Last Week, after yet another disappointing early NCAA Tournament exit by the Pitt Panthers basketball team as they fell 47-43 to the Wisconsin Badgers the talk started, mostly from the fans that they wanted to see longtime head coach Jaime Dixon fired, that his game plan no longer worked for what had been known as one of the more successful basketball programs in the nation-except they haven’t been so successful lately.
I was even asked last week did I think Pitt was going to fire Dixon, and I quickly replied ‘No.’ Like the Pittsburgh Steelers, the Panthers basketball team does not fire head coaches. They didn’t fire Dixon’s assistant Ben Howland in 2003 (He left for UCLA, his dream job), as unsuccessful as Ralph Willard was, even he wasn’t fired (He left for Holy Cross, his dream job) and to be honest, Pitt didn’t technically didn’t fire Paul Evans in 1993, his contract just wasn’t renewed.
So if those former Pitt Head Coaches didn’t get fired, then there was no way Dixon was going to get fired. In fact, I figured the only way that Dixon would depart from Patties if he chose to depart from Pitt. (Especially after just extending his contract making him the highest paid Pitt employee-ever. Oh-and they included a buyout worth $10 million.)
And what was ‘figured’ actually came true Monday March 21st, 2016 as Pitt Athletic Director Scott Barnes announced that Dixon was indeed leaving Pitt to coach his alma mater Texas Christian University (TCU).
“On behalf of the University of Pittsburgh, I want to thank Jamie for his tremendous service to not only Pitt basketball but our entire institution. His impact on our university went well beyond his coaching responsibilities. Jamie has always represented Pitt, and the game of college basketball, in exceptional fashion. For all of these things we are eternally grateful.”
“In recent weeks, Jamie and I engaged in a number of conversations regarding his long-term personal and professional aspirations. In accepting the job at TCU he is, in many ways, returning home. We all wish him and his family the very best in his new endeavor.”
Every head coach wants to get that opportunity to coach at the school they played their particular sport. Like Willard, like Howland, like Paul Chryst in Football (Wisconsin) and now Dixon. There’s no place like ‘home.’
It’s hard to believe that Dixon’s only head coaching job was a Pitt-a testament of not only how long he coached here, but also how successful he was, and admit it or not, he was very successful.
In his 13 years as Pitt head coach, Dixon led the Panthers to 11 NCAA Tournaments. He finished his Pitt tenure with a 328-123 record (.727). That also included the historic 2008-09 season in which he led the Panthers to their first-ever #1 Top 25 ranking and a #1 seed in the NCAA Tournament. He also led Pitt to their first Elite Eight in Big Dance that year, just missing the Final Four in a crushing loss to Villanova. He also led Pitt to another #1 NCAA Tournament seed in 2011.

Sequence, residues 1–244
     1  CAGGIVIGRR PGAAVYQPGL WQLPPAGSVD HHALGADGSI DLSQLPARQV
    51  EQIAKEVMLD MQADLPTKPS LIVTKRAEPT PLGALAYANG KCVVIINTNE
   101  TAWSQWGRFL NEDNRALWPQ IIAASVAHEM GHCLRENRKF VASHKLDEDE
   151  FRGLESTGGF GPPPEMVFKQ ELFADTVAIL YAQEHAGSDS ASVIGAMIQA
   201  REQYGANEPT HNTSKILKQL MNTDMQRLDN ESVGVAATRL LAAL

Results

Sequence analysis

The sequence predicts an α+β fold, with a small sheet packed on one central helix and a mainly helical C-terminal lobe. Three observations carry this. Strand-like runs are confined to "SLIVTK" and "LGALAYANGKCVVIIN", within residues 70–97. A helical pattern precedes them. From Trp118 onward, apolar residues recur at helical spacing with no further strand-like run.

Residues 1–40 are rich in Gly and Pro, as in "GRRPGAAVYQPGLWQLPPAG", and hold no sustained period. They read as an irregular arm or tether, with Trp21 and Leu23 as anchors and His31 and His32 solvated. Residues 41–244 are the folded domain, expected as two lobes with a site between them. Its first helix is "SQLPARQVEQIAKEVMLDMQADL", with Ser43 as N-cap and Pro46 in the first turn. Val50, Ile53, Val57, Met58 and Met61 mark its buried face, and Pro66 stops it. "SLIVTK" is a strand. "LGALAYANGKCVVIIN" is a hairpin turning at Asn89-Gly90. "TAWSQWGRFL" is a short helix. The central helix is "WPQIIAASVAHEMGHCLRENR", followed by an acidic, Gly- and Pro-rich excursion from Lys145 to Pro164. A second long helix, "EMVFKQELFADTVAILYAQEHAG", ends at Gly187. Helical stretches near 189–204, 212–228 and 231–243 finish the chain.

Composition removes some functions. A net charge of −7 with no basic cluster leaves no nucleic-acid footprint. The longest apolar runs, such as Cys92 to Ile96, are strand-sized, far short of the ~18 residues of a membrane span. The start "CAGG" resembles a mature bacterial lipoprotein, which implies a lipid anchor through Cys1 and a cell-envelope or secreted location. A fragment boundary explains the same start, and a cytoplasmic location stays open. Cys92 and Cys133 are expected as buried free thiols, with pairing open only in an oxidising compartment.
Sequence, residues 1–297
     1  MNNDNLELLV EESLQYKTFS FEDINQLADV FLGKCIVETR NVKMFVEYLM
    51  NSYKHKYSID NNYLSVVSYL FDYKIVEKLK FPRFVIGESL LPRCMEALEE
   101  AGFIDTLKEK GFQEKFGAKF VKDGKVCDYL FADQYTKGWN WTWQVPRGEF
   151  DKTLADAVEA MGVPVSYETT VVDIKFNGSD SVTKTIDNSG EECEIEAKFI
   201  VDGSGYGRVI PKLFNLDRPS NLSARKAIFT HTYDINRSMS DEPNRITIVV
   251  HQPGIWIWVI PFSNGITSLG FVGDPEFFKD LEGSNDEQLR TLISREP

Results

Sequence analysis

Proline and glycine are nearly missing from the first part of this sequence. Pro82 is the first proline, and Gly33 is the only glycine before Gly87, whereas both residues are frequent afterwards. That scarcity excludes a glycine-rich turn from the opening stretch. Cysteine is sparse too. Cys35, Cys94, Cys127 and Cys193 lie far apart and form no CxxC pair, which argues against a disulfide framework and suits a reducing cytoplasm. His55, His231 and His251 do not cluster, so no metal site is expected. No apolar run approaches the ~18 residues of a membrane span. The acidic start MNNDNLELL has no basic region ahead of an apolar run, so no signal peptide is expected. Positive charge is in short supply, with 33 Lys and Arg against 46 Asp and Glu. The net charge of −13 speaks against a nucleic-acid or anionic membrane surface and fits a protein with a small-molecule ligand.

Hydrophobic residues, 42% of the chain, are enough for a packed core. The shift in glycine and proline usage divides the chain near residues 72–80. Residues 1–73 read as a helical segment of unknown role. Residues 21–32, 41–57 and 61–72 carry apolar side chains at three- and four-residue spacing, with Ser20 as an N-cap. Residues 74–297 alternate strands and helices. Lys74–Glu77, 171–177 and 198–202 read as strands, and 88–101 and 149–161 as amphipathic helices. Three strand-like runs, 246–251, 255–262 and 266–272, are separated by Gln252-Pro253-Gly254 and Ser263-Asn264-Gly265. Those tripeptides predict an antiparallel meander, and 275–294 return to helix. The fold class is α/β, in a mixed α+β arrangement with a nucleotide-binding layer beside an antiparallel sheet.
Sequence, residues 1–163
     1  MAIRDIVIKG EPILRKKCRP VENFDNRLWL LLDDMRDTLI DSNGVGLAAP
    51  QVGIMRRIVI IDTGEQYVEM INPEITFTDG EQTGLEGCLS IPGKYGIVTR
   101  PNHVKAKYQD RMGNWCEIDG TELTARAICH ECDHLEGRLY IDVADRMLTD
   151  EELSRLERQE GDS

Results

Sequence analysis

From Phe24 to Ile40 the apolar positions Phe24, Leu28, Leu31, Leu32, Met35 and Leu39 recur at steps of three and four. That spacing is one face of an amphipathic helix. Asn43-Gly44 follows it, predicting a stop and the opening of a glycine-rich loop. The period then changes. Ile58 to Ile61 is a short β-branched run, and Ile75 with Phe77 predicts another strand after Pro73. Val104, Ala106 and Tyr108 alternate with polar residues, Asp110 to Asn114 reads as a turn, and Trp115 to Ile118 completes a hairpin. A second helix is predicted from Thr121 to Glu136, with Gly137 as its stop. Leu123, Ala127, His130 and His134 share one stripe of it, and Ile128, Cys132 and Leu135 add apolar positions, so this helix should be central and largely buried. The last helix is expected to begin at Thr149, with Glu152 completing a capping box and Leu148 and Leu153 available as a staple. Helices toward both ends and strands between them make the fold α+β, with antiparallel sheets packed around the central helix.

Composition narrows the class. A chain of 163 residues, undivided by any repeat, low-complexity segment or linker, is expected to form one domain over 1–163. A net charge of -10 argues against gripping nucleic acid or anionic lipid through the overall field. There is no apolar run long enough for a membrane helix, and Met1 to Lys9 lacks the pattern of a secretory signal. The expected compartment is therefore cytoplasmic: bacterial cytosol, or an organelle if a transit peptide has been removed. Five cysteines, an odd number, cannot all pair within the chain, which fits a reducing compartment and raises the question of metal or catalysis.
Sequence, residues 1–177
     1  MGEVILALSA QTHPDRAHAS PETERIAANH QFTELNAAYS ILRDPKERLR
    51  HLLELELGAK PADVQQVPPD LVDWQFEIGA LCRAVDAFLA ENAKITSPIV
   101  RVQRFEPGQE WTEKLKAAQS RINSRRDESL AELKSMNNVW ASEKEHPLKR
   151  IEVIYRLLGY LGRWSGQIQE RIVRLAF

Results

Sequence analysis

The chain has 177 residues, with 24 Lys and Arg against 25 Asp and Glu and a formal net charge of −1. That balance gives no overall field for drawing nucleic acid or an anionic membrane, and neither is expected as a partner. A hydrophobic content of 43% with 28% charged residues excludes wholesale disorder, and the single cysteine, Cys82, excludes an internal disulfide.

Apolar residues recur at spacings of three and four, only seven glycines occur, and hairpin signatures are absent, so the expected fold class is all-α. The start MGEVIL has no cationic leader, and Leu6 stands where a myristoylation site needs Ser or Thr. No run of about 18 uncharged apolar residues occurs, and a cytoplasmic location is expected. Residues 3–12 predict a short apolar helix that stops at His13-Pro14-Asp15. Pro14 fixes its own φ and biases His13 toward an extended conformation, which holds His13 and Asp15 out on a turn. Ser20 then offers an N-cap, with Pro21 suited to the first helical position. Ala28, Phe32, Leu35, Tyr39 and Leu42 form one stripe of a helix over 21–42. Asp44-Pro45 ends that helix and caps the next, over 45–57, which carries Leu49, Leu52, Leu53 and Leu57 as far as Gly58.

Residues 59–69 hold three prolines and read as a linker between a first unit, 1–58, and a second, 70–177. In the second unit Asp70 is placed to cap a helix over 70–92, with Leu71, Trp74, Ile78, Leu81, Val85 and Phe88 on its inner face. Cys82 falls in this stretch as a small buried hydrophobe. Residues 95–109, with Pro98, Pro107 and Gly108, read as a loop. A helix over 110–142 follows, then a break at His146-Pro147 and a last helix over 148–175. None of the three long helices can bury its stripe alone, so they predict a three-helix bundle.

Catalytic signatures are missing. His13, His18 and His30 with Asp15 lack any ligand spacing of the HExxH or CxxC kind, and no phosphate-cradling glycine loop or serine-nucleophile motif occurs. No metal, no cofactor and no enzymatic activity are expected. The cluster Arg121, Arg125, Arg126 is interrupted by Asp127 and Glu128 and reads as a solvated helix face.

In 2009 Dixon was the head coach for the FIBA Under-19 2009 gold-medal winning United States national basketball team for which he was named the 2009 USA Basketball National Coach of the Year. Dixon was named Big East Coach of the Year in 2004, Naismith College Coach of the Year in 2009, Jim Phelan National Coach of the Year in 2010, and the Sporting News National Coach of the Year award in 2011.
He won 188 games in his first seven seasons, tying the NCAA Division I record for most wins in the first seven seasons of a head coaching career. Previously, Dixon’s 162nd win, which came in the 2009 NCAA Tournament over Oklahoma State, broke the NCAA Division I record for most victories in the first six seasons as a head coach formerly held by former North Carolina State coach Everett Case.
He also coached 7 future NBA Players (Steven Adams (12th overall pick of 2013 NBA Draft, Sam Young (36th overall pick of 2009 NBA Draft), DeJuan Blair (37th overall pick of 2009 NBA Draft), Aaron Gray (49th overall pick of 2007 NBA Draft), Chris Taft (42nd overall pick of 2005 NBA Draft), Brandin Knight (Assistant coach under Dixon), Lamar Patterson (48th overall pick of 2014 NBA Draft).
He was a good coach for Pitt. But unfortunately he wasn’t as good as years past as his teams had only won just three NCAA tournament games in the past six seasons, missing the tournament twice in that span. A move from the Big East Conference to the Atlantic Coast Conference in 2013 has been challenging. And when his alma mater called, he answered. And although Pitt didn’t throw him out of the door, they did hold the door open for him.
Pittsburgh AD Scott Barnes says the school “softened” Dixon’s buyout, helping him move to TCU. ““He felt there was a small window of opportunity,” Barnes said. “Jamie’s head and heart was moving toward TCU.”
Dixon played at TCU from 1984-87. TCU fired coach Trent Johnson last week after the team finished 12-21, including 2-16 in Big 12 play. So unlike when he took over at Pitt for Howland, Dixon will have a reclamation project waiting for him at TCU.
But Pitt also sees this as an opportunity to move on ““A new era in Pitt basketball begins, earnestly,” Barnes said.
Barnes didn’t mention any possible names to replace Dixon yet, but he did say this ““If you’re an AD worth your salt, you better have a list of candidates in your pocket,” he said. “This is a fantastic job. I think it is viewed that way by coaches around the country. We have an opportunity to revitalize, get better.” Barnes said he is looking for a coach who also is a noted recruiter. “We’re looking for a guy that can absolutely recruit his tail off,” he said.
Like the class act that he is, Dixon also met with his players before the big announcement. He also spoke to the recruits as well. He knew when his time was up and Pitt also knew when it was time to move on. Needless to say, the 2016-17 season will be an interesting one for both.
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